Discussion: The benign nature of hematuria misleads clinicians when approaching a diagnosis of bladder teratoma. However, the most frequent reason for consultation for a bladder tumor is hematuria as seen in our patient. Teratomas typically have a median age presentation of 30 years old which is why this differential is not expected. Contributing to the complexity of this case, teratomas have an insidious nature growing at a slow-rate with an average of 1.8 mm per year subsequently further delaying their diagnosis.

The first-line examination in children is the ultrasound of the urinary tract, given its accessibility. Cystoscopy allows a definite diagnosis, but is rarely used in children given the need for general anesthesia and the risk of urethral injury. Cystoscopy was used in our patient preoperatively.

Treatment for bladder tumors include partial cystectomy versus radical cystectomy. Partial cystectomy has obvious advantages over radical cystectomy. Namely, its bladder-saving approach avoids the need for urinary diversion, maintains erectile function in males, can be done under regional anesthesia, and is associated with lower morbidity and mortality. In our patient, we used the partial cystectomy approach. Several other cases of bladder teratomas also used partial cystectomy approaches with success. The prognosis for bladder tumors is often favorable as shown by a meta-analysis with a recurrence rate of 3.4% and death rate of 1%.

Conclusion: Despite the often benign nature of hematuria in children, it is essential that any practitioner eliminate a bladder tumor. An ultrasound and a cystoscopy will confirm the diagnosis. The evolution is favorable after resection of the tumor. The follow-up must include investigation with serial ultrasounds and cystoscopies in front of any recurrence of the signs.

Embargo Period

6-7-2022

Available for download on Tuesday, June 07, 2022

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May 10th, 12:00 AM May 13th, 12:00 AM

Pediatric Bladder Teratoma Case Report

Philadelphia, PA

Background: Limited cases of bladder teratomas in the pediatric population have been published. Often, these tumors will present as hematuria, which is regarded as benign. Because of this presentation, pediatric patients often are not diagnosed until years after their initial presentation. We present a 4 year-old female patient who presented initially at 6 months with progressive hematuria that ultimately ended up being diagnosed with a bladder teratoma. In conclusion, bladder teratomas should be included in the initial work-up when presenting with hematuria.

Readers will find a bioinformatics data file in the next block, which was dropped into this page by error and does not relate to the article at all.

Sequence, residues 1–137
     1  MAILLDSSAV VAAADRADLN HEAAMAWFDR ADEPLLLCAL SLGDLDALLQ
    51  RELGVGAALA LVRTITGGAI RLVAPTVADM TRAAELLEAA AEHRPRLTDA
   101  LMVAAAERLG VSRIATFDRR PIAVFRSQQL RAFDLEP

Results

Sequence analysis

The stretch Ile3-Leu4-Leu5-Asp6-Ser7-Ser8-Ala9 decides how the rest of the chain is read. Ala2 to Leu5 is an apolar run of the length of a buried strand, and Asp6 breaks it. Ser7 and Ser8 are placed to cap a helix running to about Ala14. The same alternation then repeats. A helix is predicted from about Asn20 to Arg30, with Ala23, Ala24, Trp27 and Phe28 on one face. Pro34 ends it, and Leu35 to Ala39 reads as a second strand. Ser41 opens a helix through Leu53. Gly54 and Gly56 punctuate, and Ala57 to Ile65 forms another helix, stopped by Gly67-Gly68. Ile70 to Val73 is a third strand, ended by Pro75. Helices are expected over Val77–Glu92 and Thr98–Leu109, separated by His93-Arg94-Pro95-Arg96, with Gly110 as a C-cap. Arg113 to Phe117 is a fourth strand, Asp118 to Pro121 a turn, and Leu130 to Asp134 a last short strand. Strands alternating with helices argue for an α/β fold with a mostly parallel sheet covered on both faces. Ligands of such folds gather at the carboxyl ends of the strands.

Introduction: Bladder tumors are uncommon in children with an incidence of 0.1%-0.4% during the first two decades of life. Malignant teratomas, yolk sac tumors, and all germ cell tumors in pediatric patients are exceedingly rare and most often affect females. There has been no specific genetics identified for bladder teratomas specifically, but there have been familial cases of ovarian teratomas identified in several subsequent generations.

Teratomas are the most common germ cell tumor and are defined histologically as a combination of ectoderm, mesoderm, and endoderm as well as being grossly heterogeneous with both solid and cystic features. Most mature cystic teratomas are composed of ectoderm-derived epidermis, sebaceous glands and hair follicles and mesoderm-derived dermal stromal elements. However, there have been rare cases of teratomas containing gastrointestinal (GI) epithelium and organized GI tracts which is true in this case. The most common teratomas are sacrococcygeal and ovarian in origin, with bladder teratomas being exceptionally rare. Teratomas are primarily asymptomatic and often found incidentally on imaging. When allowed to grow undiscovered, they have been shown to have mass effects in the affecting organ. When localized to the urinary system, teratomas have been shown to emulate bladder and ureteral calculi such as lower urinary tract symptoms, hematuria, and urinary retention. The most pathognomonic symptom of bladder teratoma in pilimiction, the passage of hair in urine.

There is little known about bladder tumors in the pediatric population, so it can lead to a delay in diagnosis and deleterious therapy. Although the surgical management of these tumors is well reported, there is no consensus on the surveillance or follow-up of these patients. We report the case of a 4-year-old child presenting with a bladder teratoma and discuss the diagnostic and therapeutic aspects of bladder tumors in children.